Pubdate: Sat, 23 Dec 2000
Source: Plain Dealer, The (OH)
Copyright: 2000 The Plain Dealer
Contact:  1801 Superior Ave., Cleveland, OH 44114
Authors: Robert Sharpe, Jason Palmer


Letter # 1:

Regarding the Dec. 10 article on U.S. funding of Colombia's drug war: 
Plan Colombia could very well spread both civil war and coca 
production throughout the region. Communist guerrilla movements do 
not originate in a vacuum. U.S. tax dollars would be better spent 
addressing the underlying causes of civil strife rather than applying 
military force to attack the symptoms. Forcing Colombia's guerrillas 
to the bargaining table at gunpoint will not remedy Colombia's 
societal inequities.

We're not doing the Colombian people any favors by funding civil war. 
Nor are we protecting Americans from drugs. Cut off the flow of 
cocaine and domestic methamphetamine production will boom to meet the 
demand for cocaine-like drugs. Rather than waste resources attempting 
to overcome immutable laws of supply and demand, policymakers should 
look to the lessons learned from America's disastrous experiment with 
alcohol prohibition. The drug war finances organized crime while 
failing miserably at preventing use.

With organized crime comes corruption, and the United States is not 
immune. The former commander of U.S. anti-drug operations in Colombia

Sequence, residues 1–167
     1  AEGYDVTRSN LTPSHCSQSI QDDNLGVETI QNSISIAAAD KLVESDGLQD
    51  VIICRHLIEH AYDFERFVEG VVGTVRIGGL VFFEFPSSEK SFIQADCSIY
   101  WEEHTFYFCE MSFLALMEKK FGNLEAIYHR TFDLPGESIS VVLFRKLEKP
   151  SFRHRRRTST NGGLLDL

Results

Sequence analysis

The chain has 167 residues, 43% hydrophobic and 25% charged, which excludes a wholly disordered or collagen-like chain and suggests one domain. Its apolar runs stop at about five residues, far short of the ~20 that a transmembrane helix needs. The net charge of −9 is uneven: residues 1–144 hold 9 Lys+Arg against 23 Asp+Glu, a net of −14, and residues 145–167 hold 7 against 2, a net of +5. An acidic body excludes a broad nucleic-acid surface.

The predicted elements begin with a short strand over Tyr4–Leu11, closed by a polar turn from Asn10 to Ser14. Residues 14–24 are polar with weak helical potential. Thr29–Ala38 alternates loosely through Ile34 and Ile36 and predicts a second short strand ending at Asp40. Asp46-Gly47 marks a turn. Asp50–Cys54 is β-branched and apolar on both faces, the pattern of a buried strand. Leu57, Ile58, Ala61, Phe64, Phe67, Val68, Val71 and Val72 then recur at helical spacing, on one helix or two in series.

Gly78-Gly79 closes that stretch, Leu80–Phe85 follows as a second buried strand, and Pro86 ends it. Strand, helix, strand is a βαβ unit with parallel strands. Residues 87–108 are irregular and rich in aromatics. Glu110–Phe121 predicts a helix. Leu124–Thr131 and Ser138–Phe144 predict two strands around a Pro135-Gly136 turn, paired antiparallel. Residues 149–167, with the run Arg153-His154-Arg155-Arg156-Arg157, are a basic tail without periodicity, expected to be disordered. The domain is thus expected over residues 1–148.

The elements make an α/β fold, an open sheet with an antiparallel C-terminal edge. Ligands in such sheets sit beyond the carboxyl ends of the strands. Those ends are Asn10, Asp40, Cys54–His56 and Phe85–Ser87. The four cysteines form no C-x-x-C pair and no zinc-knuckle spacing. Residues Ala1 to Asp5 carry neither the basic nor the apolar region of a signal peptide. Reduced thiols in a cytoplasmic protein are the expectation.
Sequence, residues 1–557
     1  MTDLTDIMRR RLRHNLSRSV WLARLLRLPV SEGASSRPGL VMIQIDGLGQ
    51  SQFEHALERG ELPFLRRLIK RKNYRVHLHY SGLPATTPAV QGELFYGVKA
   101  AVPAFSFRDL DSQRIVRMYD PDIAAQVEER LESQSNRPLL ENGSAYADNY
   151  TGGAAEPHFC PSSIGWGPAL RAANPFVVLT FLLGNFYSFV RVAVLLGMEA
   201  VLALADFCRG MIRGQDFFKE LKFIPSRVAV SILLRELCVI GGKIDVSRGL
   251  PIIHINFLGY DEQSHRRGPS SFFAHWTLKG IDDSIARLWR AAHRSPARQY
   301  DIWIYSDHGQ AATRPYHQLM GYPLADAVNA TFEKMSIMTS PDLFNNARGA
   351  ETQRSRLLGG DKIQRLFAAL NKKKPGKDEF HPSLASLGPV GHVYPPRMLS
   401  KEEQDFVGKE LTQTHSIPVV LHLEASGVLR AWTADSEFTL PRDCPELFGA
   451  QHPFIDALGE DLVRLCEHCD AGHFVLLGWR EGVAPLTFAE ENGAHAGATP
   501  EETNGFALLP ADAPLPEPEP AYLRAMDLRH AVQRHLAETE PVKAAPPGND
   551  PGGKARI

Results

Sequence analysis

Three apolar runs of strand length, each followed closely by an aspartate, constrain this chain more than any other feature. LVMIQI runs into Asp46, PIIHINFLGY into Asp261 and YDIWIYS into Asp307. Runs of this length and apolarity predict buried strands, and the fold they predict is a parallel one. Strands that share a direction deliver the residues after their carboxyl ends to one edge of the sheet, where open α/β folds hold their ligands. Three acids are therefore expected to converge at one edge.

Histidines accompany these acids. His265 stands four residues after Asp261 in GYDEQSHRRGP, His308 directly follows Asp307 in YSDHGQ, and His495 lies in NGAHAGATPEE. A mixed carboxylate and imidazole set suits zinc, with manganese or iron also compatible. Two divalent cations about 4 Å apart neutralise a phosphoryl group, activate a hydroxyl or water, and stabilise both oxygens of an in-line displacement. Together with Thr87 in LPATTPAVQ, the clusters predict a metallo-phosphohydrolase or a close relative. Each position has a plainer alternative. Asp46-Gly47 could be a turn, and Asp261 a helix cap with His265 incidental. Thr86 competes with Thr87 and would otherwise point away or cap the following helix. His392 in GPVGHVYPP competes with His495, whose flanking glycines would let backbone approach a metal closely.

was found guilty of laundering the profits of his wife's 
heroin-smuggling operation. Entire countries have been destabilized 
because of the corrupting influence of organized-crime groups that 
profit from the illegal drug trade. Drug laws fuel crime and 
corruption, which is then used to justify increased drug-war 
spending. It's time to end this madness and start treating all 
substance abuse - legal or otherwise - as the public-health problem 
it is.

ROBERT SHARPE Washington, D.C. Sharpe is program officer for the 
Lindesmith Center-Drug Policy Foundation.

Letter # 2:

Why is the United States again preparing to spill blood and waste 
another $1.3 billion in the name of our war on drugs? When Operation 
Colombia begins in January, Colombian women and children will die in 
vain. He cites American "vital interests" as an excuse for the futile 
exercise. These interests can only be keeping cocaine off American 
streets. For 20 years we have fought cocaine cartels with everything 
we've got, yet the drug remains more readily available and cheaper to 
the American consumer than ever. Hasn't two decades of ineffective 
interdiction taught us anything? American-financed machine-gun fights 
in Colombia and neighboring countries barely scratch the surface of 
what is wrong with our drug policy. The war on drugs has spilled over 
into a war on the civil liberties and human rights of millions of 
Americans and people around the world. We have a four-star general 
employed to solve a health and social problem, not a military one. 
The fighting - and cocaine production - will admittedly spill over 
into Peru, Brazil and other countries. Our policy only adds fuel to 
the fire.

When McCaffrey steps down in January, it will be time for the new 
administration to pause and rethink our drug prevention policies. I'm 
sure we can find better uses for more than $20 billion annually.

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